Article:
In a game of igneous musical chairs, San Francisco Public Works employees put back six of the “controversial” Clinton Park boulders, meant to thwart the homeless from pitching large tents, back onto a concrete walkway Saturday around 2 p.m., after they were rolled-off sometime Friday.

As SFist reported Saturday, the now-famous anti-homeless boulders — which sit on the two-block alley that runs parallel to Dolores and Valencia, adjacent to a nearby Pet Food Express — continue to be displaced by objectors. Now, for the third time in just over a week, city officials have had to spend the time (and labor costs) to place them back onto the SF sidewalk.

Two San Francisco Public Works employees using orange cones, caution tape, and a small crane spent just over an hour Saturday afternoon relocating six of the street-sitting boulders back on to their original cement foundations.

Update: The boulders were again shoved off the sidewalk on Sunday, continuing the tug-of-war.

“We’re working on an authorization process to see which is the best way to move forward,” says Rachel Gordon, a spokesperson for DPW, speaking to the Chronicle. “It’s unfortunate that people are pushing them off the sidewalk and onto the road. It’s not a safe thing to do.”

The two dozen Clinton Park boulders have been the subjected of some protests, both on and offline, with one bicyclist admitting to the Chronicle that he had a hand in Friday’s “rock-rolling” conducted by a gaggle of fellow riders. Gordon tells the paper that this has now happened two previous times, with the rocks ending up in the roadway on September, and again in the middle of last week.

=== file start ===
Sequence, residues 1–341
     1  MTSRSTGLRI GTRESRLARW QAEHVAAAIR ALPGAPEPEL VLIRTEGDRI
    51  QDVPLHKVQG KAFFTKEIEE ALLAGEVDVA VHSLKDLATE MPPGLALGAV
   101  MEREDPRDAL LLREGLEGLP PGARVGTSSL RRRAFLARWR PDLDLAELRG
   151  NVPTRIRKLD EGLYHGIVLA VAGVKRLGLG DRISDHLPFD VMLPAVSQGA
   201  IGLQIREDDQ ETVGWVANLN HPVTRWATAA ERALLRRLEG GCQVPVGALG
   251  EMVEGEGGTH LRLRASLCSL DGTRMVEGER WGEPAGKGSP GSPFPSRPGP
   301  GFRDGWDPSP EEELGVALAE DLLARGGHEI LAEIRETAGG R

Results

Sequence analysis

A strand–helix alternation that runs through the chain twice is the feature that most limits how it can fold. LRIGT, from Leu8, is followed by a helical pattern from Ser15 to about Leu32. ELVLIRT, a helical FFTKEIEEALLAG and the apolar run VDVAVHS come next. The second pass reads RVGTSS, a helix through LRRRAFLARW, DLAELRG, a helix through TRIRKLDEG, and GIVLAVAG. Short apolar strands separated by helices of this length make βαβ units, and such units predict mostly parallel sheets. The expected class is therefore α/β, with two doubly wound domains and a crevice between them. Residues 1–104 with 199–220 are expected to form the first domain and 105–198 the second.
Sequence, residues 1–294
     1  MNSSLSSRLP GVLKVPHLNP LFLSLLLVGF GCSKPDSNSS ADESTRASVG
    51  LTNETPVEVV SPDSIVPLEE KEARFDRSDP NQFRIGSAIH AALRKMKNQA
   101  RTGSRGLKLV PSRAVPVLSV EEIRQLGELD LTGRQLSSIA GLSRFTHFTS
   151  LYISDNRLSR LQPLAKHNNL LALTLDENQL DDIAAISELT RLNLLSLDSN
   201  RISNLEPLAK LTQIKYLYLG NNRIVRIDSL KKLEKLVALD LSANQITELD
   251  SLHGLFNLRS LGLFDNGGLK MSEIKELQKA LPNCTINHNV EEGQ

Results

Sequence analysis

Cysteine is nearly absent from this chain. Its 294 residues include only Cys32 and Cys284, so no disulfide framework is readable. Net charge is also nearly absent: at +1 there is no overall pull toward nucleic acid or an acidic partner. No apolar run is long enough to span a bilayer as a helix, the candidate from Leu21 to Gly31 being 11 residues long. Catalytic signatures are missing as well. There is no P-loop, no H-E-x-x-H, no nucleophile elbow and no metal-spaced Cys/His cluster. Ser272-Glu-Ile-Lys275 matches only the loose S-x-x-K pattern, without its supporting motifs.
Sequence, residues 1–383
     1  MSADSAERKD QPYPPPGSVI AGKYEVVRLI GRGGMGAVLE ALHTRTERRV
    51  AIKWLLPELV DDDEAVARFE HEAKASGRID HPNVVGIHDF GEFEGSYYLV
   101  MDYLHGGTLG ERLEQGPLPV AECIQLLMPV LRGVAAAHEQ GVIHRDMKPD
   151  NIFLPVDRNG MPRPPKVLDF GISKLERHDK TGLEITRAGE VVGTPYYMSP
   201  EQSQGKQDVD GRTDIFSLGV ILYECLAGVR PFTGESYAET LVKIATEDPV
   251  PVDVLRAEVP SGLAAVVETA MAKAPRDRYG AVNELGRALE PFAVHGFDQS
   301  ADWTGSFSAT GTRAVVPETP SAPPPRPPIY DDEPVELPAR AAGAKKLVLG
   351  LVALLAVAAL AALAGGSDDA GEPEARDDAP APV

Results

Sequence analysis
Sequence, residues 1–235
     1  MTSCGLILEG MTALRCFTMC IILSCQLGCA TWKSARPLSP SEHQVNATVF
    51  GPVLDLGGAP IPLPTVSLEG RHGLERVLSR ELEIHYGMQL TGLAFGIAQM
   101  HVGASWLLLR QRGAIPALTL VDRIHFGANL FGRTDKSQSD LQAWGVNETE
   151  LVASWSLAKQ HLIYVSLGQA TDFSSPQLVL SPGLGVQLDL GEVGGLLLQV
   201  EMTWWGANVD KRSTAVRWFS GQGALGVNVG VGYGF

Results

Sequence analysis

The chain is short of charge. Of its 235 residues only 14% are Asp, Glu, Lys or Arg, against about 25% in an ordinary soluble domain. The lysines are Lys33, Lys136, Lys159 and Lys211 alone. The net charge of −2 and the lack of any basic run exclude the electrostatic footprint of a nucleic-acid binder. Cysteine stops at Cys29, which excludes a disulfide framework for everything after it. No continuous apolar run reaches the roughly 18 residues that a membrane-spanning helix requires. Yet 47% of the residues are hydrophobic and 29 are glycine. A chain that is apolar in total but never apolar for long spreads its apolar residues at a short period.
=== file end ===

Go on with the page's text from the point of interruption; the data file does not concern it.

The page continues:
Neither the DPW (Department of Public Works) nor nearby residents have claimed ownership of the two-dozen rocks, though, regardless of who decided to place them there, the guerilla installation is considered inhumane by some.

"There's actually a name for [this type of work],” said Jennifer Friedenbach, executive director of San Francisco's Coalition on Homelessness, to KTVU. "It's called anti-homeless architecture."

To boot, Clinton Park neighbor Alex Andrist, who lives just a block from the recently erected row of rocks, also told the Chronicle that the boulders aren’t only narrowing the four-foot-wide sidewalk, but it’s a “mean and ineffective thing to do [to the homeless].”

For some suggestions of more meaningful ways that you can help the Bay Area homeless, check out a piece on The Bold Italic (written by me) titled “Real Ways to Help Homeless People in San Francisco Now.”

Related: Anti-Homeless Boulders Appear In the Mission, Residents Admit To Putting Them There

Related: Controversial Boulders Get Rolled Off Clinton Park Sidewalk Onto Street

Image: @JDBonabike via Twitter